Flow Control - JAVA: Easy Java Programming for Beginners, Your Step-By-Step Guide to Learning Java Programming (2015)

JAVA: Easy Java Programming for Beginners, Your Step-By-Step Guide to Learning Java Programming (2015)

Chapter 7. Flow Control

This chapter will emphasize on a non-sequential method of Java programming. You will get acquainted with the if-then-else and different loop statements.

With our previous simple program examples, we were oriented that a Java class is executed in one direction – from the topmost line of code up to the bottom, or what we call sequential programming. However, there will be cases that you will be required to write codes in a non-sequential fashion, especially for those more complicated scenarios. This is accomplished using logical and looping statements, so you can control the flow of your program to perform more complex functions.


This is the most basic flow control statement that uses logical operators to determine whether or not a specific condition is fulfilled. Let us add an if-then-else statement to our first simple java program that will display whether the user is a minor or not based on the age that he has provided. By the way, in this example, one is considered a minor if the age is below 18 years old.

In this new set of programming codes, the condition tested is if the value of the user input MyVariableName provided is less than 18 or not. If it is, then the methods in the if block will be executed - displaying a message on the computer screen that the user is a minor (check the figure above). A block is also called a compound statement. Otherwise, the else block will be executed – notifying that the user is not a minor anymore (check the figure below). The else block is actually optional, meaning without its codes the program will just proceed to the rest of the class in case the condition is not met. Please take note that the parentheses around the condition and the braces surrounding the statements that are inside the if and else blocks, are all required. Also notice the indentation of the statements these symbols enclose.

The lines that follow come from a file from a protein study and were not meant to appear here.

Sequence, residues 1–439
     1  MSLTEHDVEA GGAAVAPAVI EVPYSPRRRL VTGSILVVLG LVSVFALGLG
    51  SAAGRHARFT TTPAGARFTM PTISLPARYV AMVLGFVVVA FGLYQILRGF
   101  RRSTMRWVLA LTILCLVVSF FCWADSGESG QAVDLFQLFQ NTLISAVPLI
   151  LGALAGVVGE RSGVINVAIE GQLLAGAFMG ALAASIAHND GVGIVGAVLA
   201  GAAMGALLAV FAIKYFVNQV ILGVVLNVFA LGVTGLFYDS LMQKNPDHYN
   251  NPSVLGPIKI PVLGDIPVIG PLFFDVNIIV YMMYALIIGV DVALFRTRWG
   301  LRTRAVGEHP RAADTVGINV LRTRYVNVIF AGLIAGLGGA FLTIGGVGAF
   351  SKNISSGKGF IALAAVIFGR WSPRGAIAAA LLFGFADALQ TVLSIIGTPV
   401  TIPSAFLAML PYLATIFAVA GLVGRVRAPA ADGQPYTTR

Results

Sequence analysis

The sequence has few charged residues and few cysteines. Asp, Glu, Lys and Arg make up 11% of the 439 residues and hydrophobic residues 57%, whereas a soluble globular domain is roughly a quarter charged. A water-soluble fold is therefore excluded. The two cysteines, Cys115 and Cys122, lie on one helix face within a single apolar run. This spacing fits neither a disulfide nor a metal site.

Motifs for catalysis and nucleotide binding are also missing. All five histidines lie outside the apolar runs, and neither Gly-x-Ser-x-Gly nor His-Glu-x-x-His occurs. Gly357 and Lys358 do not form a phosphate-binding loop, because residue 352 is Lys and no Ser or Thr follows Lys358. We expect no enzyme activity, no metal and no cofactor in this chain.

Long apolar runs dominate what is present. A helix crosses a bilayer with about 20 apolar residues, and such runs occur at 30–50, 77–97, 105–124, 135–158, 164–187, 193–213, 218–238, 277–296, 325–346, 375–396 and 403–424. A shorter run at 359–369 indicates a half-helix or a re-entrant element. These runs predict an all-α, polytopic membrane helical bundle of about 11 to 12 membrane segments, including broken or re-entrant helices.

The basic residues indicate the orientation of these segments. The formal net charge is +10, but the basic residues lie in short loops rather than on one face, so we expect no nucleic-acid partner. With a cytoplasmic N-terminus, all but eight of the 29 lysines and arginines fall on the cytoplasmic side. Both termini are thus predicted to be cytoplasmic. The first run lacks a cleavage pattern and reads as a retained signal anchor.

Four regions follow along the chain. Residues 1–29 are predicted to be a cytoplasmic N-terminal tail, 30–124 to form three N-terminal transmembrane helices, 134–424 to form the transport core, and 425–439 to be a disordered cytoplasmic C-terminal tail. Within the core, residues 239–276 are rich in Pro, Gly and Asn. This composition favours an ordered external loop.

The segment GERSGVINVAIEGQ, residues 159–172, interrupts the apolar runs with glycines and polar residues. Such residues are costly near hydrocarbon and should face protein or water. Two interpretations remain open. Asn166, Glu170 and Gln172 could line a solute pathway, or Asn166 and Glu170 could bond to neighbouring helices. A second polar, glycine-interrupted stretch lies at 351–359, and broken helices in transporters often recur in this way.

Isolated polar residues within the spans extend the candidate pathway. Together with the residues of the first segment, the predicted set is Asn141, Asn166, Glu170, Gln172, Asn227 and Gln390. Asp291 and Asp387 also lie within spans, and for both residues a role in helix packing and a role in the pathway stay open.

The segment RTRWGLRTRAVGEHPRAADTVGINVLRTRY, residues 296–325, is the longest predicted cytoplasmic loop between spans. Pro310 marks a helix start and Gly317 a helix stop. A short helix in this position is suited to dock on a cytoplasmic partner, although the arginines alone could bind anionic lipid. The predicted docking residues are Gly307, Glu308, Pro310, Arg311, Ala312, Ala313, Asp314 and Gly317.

This flow control statement allows methods to be executed over and over again as long as the specific conditions are met. In Java programming language, there are three kinds of loops that can perform repetitive tasks. We will also modify the simple program to do a countdown from 10 to 1 just to demonstrate the syntax for these loops. Again, do not forget the parentheses around the conditions, the braces and the indentations.

While loop – Considered as the simplest kind of “event driven” loop, this statement will execute the methods inside the while block as long as the specific conditions are met. Depending on the conditions set, this loop may never run even once.

In the program example above, the MyVariableName was first set to a value of 10. Next, the loop will check that while the variable is greater than 0, the program will display the value of the MyVariableName in every new line and then decrement it by 1. This will continue to run untilMyVariableName is equal to 0. If at the start of program execution, the value of MyVariableName is already equal or less than 0, then the while loop will be bypassed.

Do-while loop – The main difference between this and a while loop is that the methods inside the do-while loop is sure to run at least once before the condition is checked. In contrast with the while loop, the do loop’s condition is indicated at the bottom (this is the primary reason why the loop statement is executed at least one time)

In the program example above, again, the variable MyVariableName was first set to a value of 10. In the succeeding loop statement, no condition is checked yet. Instead, the do block will have to display the value of MyVariableName in every new line and then decrement it by 1 before the while condition is checked. This is what was discussed earlier that loop will definitely run once whether or not the conditions are met. Please take note of the semicolon at the right of the condition.

For loop – This statement is declared with specific parameters that control as to when or how many times the methods are to be executed. Variables that can be used to control the loop may be declared simultaneously within the loop itself. The form of the for loop statement is:

for (initialization; condition; iteration) statement;

The initialization part sets a loop control variable to an initial value. The condition is a Boolean expression that tests the loop control variable whether it is true or false. If the result of that test is true, then the execution of the for loop is continuously repeated. If it is false, then the loop stops.

In this final example, you will notice that all the parameters were set at the beginning, when the for loop statement was declared. So in the for loop declaration, MyVariableName was set to a value of 10, the condition whether it is greater than 0 is checked and then decrement its value by 1. After all these lines of code are performed or executed then the value of MyVariableName is displayed into the screen, each value on a separate line

In reality, there are usually a multitude of ways to accomplish a certain programming task. However, a good practice as a programmer is always to code your programs in an elegant way that entails choosing the most appropriate loop. One has the option to be creative and flexible, but this sometimes this leads to confusion.

Through this chapter, you have realized that Java programming is not only one-directional by integrating flow control through various looping statements. In the succeeding chapter, you will have a clearer image of what access modifiers are.